Review: Wandering Realities by Steven Peck

Not an actual image of the author.

It’s hard to write reviews of Steven Peck’s fiction. Those who are unfamiliar with his work will probably not believe you, and those who know Peck’s writing are already fans and have little need for a review. It’s also hard to write a review because you run out of useful words: there are only so many superlatives out there. For example: Peck is the best LDS science fiction currently out there. And so it is no surprise that Wandering Realities: Mormonish Short Fiction is an immensely enjoyable and powerful collection of short fiction, one that highlights both the possibilities and inevitablities of Mormonism. I know you don’t believe me, but it’s true.

Peck has a special knack for writing about commonplace events in the midst of strange, even bizarre surroundings; or, conversely, bizarre events in the most mundane of circumstances. His prior books, The Scholar of Moab and A Short Stay In Hell also capitalized on these thematic explorations (and both books are truly excellent – though A Short Stay In Hell is far shorter and far more haunting). Wandering Realities is a compilation of some of Peck’s shorter stories, some of which we’ve seen before (whether on Facebook or as award-winners with the Association for Mormon Letters). However, even those familiar with some of his stories will find new ones here, not just as filler but as equally enjoyable and thought-provoking as his classic “Two-Dog Dose” or “Let the Mountains Tremble, for Adoniha Has Fallen” (this latter story mixes Mormonism with Edgar Rice Burroughs with a tale of interplanetary religious schism). The organization here reflects Peck’s two primary thematic twists: the first half consists of science fiction settings (“Other Worlds”), and the second half deals with fantastical events in the world, primarily — but not exclusively — the world of Utah Mormonism (“This World”).

I am not sure which of the two halves I enjoyed more. “Other Worlds” gives Peck a chance to explore terraforming and the cybernetic singularity and shared consciousness, but “This World” is where Peck is able to be truly devious and fun with the world of Mormonism, illustrating what might happen when truly odd things happen to familiar surroundings. A fine example is his Pleasant Grove story about what happens when a no-rules pinewood derby goes completely off the rails – local leaders are locked in closets, pandemonium ensues as the cultural hall is turned into Thunderdome. It is wondrous and rich, feeding off of our familiarity while showing us new vistas and new depths.

Like I said, it is hard to write a review of Peck’s work. Wandering Realities is perfectly satisfying, a treat from beginning to end. This is the sort of book one hopes to receive; it is alternatively touching and funny and poignant, with horrors and wonders. Steven Peck is a gift to Mormon literature, and any opportunity to read his stories is not to be missed.


  1. I went to begin reading it on the Kindle and saw that someone already had already started. I found my daughter and said “Did you sneak read Steven Peck’s newest book on the Kindle tonight?” She responded, “Yes, and I’m almost done, they are that good. And so far only one has made me cry.”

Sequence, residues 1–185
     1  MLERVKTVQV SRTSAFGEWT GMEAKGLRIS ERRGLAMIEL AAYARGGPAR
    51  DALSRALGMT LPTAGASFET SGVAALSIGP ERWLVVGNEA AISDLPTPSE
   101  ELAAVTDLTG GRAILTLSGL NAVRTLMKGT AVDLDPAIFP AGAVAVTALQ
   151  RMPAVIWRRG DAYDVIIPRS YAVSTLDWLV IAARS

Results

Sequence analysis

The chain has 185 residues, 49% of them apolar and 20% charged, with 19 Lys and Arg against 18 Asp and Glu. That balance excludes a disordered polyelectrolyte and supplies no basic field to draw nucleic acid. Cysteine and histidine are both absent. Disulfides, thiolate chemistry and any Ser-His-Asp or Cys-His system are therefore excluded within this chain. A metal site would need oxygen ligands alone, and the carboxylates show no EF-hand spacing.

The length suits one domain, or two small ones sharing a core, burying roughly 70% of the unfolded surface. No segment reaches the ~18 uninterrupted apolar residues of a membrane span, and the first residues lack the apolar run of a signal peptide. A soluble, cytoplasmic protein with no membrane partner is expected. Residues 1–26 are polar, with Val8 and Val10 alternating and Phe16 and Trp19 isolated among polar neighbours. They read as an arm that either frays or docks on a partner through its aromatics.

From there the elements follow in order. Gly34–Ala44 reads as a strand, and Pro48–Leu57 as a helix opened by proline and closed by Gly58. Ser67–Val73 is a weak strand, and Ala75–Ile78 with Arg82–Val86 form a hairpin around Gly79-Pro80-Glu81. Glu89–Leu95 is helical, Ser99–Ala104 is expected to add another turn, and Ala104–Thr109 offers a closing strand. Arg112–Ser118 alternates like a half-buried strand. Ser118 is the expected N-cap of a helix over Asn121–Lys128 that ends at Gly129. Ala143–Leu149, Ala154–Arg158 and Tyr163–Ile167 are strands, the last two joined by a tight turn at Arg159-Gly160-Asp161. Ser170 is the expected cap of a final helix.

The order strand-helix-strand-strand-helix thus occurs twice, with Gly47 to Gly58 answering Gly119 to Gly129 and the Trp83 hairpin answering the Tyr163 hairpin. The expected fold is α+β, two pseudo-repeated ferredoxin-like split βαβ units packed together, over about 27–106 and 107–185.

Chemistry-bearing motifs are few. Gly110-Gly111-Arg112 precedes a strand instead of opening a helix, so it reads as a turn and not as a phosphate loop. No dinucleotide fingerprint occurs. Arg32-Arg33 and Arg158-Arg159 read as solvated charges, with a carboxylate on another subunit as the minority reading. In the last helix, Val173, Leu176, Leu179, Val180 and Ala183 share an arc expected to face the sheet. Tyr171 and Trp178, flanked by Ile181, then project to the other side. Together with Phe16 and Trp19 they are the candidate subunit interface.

2. Steve is an ingenious storyteller. I’m anxious to begin this one. I know every one says it, but Short Stay in Hell still haunts me for so many reasons.

  3. Yes, WVS–that book blew my mind.

    I’m very much looking forward to reading this one. Thanks for the review.

  4. Dave K. says:

    Another book to recommend is “The Rifts of Rime” – one of my kids favorite bedtime stories. This weekend I started reading “Wandering Realities” to the older ones. They may never look at our bishop the same again.

  5. Dave, I confess I haven’t read it! I should.

  6. Steve is the best. I like that he continues to surprise both at the conceptual level and the sentence level.

  7. It would be terrific if one of the book cover images linked to the author’s website or even a favorite bookseller’s site–that would be so helpful for Steve and all the authors you so thoughtfully and insightfully review.

    True confessions: I’m co-publisher at Torrey House Press, proud home of The Scholar of Moab. We adore Steve and all his fantastic work.

  8. Dave K. says:

    Steve, imagine medievel warfare as conducted by a matriarcharl society of squirrels. I’ll try not to spoil things, but the underlying theme is learning to love your (squirrel) body. And learning to love books made from squirrel-chewed pulp paper.

  9. Kirsten, I pretty much roll with Amazon. I don’t have a favorite bookseller. (and does Steve have a website???)

  10. “I pray every 30 picoseconds.” Yeah, I’m already reading it.

  11. So far the image of a Mormon using a tethered daemon to grant wishes has been the most lasting.

  12. Thanks for this great review — now off to get the book!

  13. Lew Scannon says:

    Who published it, Steve? That’s rule number one when reviewing a book.

  14. Coincidentally she just started talking about it again while I was reading these comments: “Mom, did you read the Steve Peck book yet? I finished it last night. There was one that made me cry, then the one right after it made me laugh really hard. Then the last story is a detective story, but instead of a detective, it’s a bishop. Oh, the first one almost made me cry too.” #fourteenyearoldapproval

  15. Lew Scannon says:

    Don’t bother. I looked it up. Zarahemla.

  16. Lew, I don’t live by your “rules”. I’m a loner. A rebel.

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